Nasa official Mark Subba Rao. (DC)
WASHINGTON: Nisar, the Indo-US satellite mission, is set for launch early next year, an official of the National Aeronautics and Space Agency (Nasa) said. It will observe ecosystem disturbances and global environmental changes and attempt to predict natural catastrophes like earthquakes, tsunamis, volcanoes and landslides.
The Nasa-Isro Synthetic Aperture Radar (Nisar) satellite, weighing about 2,600 kg, will be the costliest space observation mission ever at $1.5 billion. It will use advanced radar imaging to map the elevation of Earth's land and ice masses 4 to 6 times a month at resolutions of 5 to 10 metres
Speaking to Deccan Chronicle, Mark Subba Rao, who leads Nasa’s group to visualise the agency’s science results for the public, said: "Nisar’s radar captures movements of the planet's surface, land and sea ice overtime, revealing subtle changes as well as insight into what's happening below the surface," he said.
The media interaction was held at Washington DC on September 15 as part of the International Reporting Tour (IRT) organised by the US department of state Foreign Press Centre in Boston from September 6 to 16.
Rao stated that rapid sampling over the duration of the mission will increase understanding and allow better management of resources and help prepare for and cope with hazards and global change.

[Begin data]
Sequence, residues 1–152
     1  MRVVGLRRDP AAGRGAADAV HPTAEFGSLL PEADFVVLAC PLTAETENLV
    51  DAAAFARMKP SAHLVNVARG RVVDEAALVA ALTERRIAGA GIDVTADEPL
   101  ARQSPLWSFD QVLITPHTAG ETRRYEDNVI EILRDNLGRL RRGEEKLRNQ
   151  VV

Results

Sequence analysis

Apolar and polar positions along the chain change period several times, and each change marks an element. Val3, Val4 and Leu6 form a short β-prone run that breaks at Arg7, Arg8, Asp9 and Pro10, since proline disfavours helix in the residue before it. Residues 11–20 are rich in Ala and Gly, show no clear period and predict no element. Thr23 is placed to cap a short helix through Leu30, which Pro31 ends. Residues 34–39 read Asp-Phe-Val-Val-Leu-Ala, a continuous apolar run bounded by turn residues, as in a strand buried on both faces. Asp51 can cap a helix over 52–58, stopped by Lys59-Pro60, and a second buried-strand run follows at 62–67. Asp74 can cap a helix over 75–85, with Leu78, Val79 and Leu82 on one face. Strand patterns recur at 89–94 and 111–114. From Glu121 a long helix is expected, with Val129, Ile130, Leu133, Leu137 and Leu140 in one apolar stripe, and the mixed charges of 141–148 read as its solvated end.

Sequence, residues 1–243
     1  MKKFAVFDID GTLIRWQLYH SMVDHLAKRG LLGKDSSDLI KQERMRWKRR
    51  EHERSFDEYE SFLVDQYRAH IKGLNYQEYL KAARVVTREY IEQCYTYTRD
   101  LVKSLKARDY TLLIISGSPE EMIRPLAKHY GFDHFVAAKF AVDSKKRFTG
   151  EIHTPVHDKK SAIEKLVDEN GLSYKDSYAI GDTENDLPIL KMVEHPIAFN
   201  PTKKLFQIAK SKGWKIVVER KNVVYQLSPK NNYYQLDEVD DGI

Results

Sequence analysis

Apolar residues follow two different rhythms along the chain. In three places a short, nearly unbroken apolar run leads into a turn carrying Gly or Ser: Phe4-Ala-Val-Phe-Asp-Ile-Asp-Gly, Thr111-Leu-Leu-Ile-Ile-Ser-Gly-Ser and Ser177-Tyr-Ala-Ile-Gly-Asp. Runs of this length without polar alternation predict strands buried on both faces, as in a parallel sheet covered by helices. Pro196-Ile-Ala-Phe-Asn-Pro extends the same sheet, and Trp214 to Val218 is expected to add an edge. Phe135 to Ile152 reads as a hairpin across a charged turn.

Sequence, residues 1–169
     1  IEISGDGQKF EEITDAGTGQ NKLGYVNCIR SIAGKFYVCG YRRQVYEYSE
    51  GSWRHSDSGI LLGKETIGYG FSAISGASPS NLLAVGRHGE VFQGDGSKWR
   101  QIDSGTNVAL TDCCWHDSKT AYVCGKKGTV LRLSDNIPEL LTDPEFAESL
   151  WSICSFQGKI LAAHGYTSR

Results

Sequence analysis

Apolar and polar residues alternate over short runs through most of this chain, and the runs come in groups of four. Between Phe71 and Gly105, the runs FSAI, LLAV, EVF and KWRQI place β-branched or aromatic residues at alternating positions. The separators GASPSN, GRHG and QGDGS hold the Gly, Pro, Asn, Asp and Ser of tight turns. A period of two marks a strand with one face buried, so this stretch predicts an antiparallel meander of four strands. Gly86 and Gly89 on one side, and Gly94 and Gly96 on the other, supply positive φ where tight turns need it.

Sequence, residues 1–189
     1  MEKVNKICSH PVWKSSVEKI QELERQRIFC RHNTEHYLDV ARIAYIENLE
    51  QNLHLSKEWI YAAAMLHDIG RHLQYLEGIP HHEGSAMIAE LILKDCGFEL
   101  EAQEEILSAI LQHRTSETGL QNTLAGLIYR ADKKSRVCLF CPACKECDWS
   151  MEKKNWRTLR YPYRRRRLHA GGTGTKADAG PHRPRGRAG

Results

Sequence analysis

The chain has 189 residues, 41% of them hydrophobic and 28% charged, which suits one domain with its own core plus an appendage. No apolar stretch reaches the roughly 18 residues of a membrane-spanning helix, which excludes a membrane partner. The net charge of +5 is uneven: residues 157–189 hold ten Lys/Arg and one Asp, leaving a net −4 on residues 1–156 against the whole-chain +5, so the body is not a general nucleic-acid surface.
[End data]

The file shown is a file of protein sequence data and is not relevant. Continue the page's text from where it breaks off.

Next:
"Subtle surface motions are associated with earthquakes, volcanic eruptions and landslides. Nisar will measure these changes to determine the likelihood of such catastrophic events," Rao said.
With forests making way for agricultural land, Rao said, "Nisar will determine the contribution of earth's varying biomass to the global carbon budget and characterise ecosystem disturbance and impacts on biodiversity."
Nisar will also determine how climate and ice masses inter-relate and raise sea level. It will measure changes in sea ice, snow extent, permafrost and surface melting, ice sheets, sea ice and glaciers are undergoing dramatic changes. It will provide systematic measurements showing short-term variations and long-term trends, he added.
The radar will monitor hydrocarbon and sequestered carbon dioxide reservoirs and measure changes in groundwater in earth's vulnerable regions.
Before joining Nasa, Rao spent 18 years at the Adler Planetarium in Chicago, where he produced planetarium shows and designed museum exhibits featuring data-driven scientific visualisations. He was president of the International Planetarium Society (IPS) in 2019-20, where he spearheaded the ‘Data to Dome’’ initiative to prepare the planetarium community for the big data era. Before that he was part of a University of Chicago team that created the largest 3D map of the universe, the Sloan Digital Sky Survey.